11. AESA radars are a significant improvement over first generation phased array radars, which are passive (rather than active) electronically scanned arrays. Microwave power in an AESA radar is generated in a series of compact, lightweight transmit and receive modules ("T/R modules") containing the MMICs. Passive array radars (as well as dish-type radars), in contrast, use heavy, bulky traveling wave tubes and waveguides. AESA radars are therefore much smaller and lighter than passive arrays. AESA radars also offer superior reliability, since failures of T/R modules only gradually degrade system performance, while failure of a traveling wave tube disables the radar. Moreover, because power amplifier MMICs are more efficient and thus produce less waste heat than tubes. AESA radars require less power from the engines and generators of the aircraft, ships or other systems in which they are deployed. Power amplifier MMICs are also much less expensive to produce in medium to large production volumes than tubes, resulting in less expensive radars.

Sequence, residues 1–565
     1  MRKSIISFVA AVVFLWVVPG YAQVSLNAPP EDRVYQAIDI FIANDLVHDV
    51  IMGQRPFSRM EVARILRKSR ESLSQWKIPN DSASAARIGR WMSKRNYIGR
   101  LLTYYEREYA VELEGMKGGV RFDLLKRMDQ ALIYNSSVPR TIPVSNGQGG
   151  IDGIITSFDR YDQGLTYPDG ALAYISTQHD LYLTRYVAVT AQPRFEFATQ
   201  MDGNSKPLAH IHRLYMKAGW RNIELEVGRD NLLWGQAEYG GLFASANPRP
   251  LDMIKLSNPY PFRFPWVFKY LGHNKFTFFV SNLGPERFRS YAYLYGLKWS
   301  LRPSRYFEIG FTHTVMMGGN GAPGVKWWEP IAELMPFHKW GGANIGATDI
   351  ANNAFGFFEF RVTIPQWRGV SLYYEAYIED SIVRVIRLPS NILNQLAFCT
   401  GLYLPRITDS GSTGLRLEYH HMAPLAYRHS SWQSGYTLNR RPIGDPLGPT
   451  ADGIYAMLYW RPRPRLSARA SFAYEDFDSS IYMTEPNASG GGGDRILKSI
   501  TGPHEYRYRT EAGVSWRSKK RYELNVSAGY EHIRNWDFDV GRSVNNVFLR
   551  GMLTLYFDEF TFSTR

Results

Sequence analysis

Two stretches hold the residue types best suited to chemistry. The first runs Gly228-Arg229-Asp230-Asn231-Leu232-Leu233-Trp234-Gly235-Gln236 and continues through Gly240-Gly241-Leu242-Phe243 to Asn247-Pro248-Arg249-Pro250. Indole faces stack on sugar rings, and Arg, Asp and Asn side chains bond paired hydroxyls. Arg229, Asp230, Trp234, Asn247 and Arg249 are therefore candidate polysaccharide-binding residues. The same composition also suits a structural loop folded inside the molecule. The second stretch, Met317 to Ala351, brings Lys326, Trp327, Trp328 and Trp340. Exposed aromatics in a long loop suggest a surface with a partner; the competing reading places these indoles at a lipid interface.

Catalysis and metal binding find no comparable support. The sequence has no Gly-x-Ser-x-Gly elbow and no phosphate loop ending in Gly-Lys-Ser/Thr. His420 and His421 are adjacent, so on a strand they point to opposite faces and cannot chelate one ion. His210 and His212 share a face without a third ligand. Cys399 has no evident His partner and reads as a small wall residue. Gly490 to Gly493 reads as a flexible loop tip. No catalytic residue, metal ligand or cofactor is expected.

12. The Department of Defense ("DoD") has begun the contracting process for several major systems using X-band AESA radars. Among these are the Joint Strike Fighters, the Medium-Extended Air Defense System, the Navy Multifunction Radar and the Theater High Altitude Area Defense System. Competitive radar systems that meet the DoD performance specifications for these projects will require X-band high power amplifier MMICs capable of 8 to 10 watts output, at least 40 percent bandwidth, and at least 50 percent PAE. Because of the importance of the high power amplifier MMIC to the performance of an AESA radar, MMIC capability is an important selection criterion among competing radar systems.